Chapter 313 Incentives: What They Are and Why They're Suddenly the Talk of the Town, Austin Business Journal [pdf]
Oped: Don't Ask Texas Schoolchildren to Fund Your Corporate Expansion, Austin Chronicle [pdf]
Statement on Austin ISD and Round Rock ISD Chapter 313 Votes, Central Texas Interfaith
In response to calls for change by their workers and Coloradans for the Common Good, the Jefferson County School Board approved a $3/hr increase to the minimum wage of all Educational Support Professionals (ESP). Nearby, the Denver Federation ratified a contract that increases the minimum wage to $20/hr for para-educators and over $18/hr for nutrition employees. This equates to tens of millions of dollars for working families in the metro area, and required coordinated action between unionized educators and Coloradans for the Common Good.
Last fall, CCG leaders organized an accountability assembly, leveraging commitments from every JeffCo School Board candidate at the time to support wage increases for ESPs if elected. When it became clear more pressure was needed, leaders returned to the JeffCo Board this spring.
At the same time, CCG organized a rally at Valdez Elementary with over 350 educators, parents, and community members to push for wage increases in Denver Public Schools (DPS). Leaders soon followed up with a press conference where the DPS Board President, Vice President, and an additional school board member committed to increasing wages.
[Photo Credits: (Top) Olivia Sun, Colorado Sun; (Right) Helen Richardson, The Denver Post]
This week, Polk County Supervisors approved AMOS' proposal to invest $1.8 million in ARPA funds to diversify and retain mental health providers through a scholarship and loan forgiveness program. This win is the result of over 10 months of organizing work including:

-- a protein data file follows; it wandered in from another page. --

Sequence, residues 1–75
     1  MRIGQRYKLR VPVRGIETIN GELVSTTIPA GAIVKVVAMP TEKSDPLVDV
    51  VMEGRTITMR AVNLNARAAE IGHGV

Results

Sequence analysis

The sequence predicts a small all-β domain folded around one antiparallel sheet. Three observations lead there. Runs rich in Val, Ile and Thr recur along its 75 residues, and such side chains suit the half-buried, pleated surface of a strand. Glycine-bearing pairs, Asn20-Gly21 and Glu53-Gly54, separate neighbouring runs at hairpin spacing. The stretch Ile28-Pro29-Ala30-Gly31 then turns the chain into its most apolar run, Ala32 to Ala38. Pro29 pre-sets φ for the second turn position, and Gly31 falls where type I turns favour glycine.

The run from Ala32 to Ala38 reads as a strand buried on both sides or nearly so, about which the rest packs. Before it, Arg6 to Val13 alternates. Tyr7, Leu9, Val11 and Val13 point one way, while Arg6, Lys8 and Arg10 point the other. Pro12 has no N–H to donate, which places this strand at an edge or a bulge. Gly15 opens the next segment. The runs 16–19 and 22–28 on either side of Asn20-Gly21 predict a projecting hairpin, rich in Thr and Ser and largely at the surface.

- Hundreds of conversations in Mental Health Civic Academies that surfaced workforce needs, including to fully staff the Children's Mental Health Crisis system AMOS worked so hard to secure
- A 'Mental Health Provider Summit' in December to understand providers' specific workforce needs and barriers
- 100+ AMOS leaders contacting Polk County supervisors in support of AMOS' mental health workforce proposal
- 4 AMOS leaders testifying at a Polk County Supervisors meeting to share the need for this investment, particularly for refugee and immigrant communities
- AMOS representation at mental health task force meetings by a First Unitarian leader
AMOS leaders plan to continue to work with Polk County to ensure that the funds are administered to maximize accessibility and impact.
At the Point Isabel ISD Board meeting, Texas LNG sought last-minute approval for tax abatement through the expiring Chapter 313 program. Leaders from Valley Interfaith, alongside allied organizations, made the case to the board.
On a unanimous vote Tuesday night, the school district voted not to go forward with the applications.
Several Port Isabel area residents voiced opposition, both to Texas LNG on environmental grounds, and to the abatements, saying Texas LNG deserves to have to pay its fair share of taxes.
Valley Interfaith and the other objectors said Texas LNG doesn’t need the abatement because the project has been planned for years and the company has already decided to build the facility here.
“Valley Interfaith congratulates the superintendent and PIISD Board members for their willingness to look at the facts and reject this application for huge tax abatements for an LNG export terminal they
have long planned to build in the Port of Brownsville area,” said Father Kevin Collins, O.M.I. pastor of S. Eugene of Mazenod Church in Brownsville and Valley Interfaith. “They don’t need to take money from Texas school children to build a profitable LNG export facility at a time when the whole world is clamoring for liquified natural gas,” Collins said.
Point Isabel School District Rejects Texas LNG Tax Abatement, The Brownsville Herald [pdf]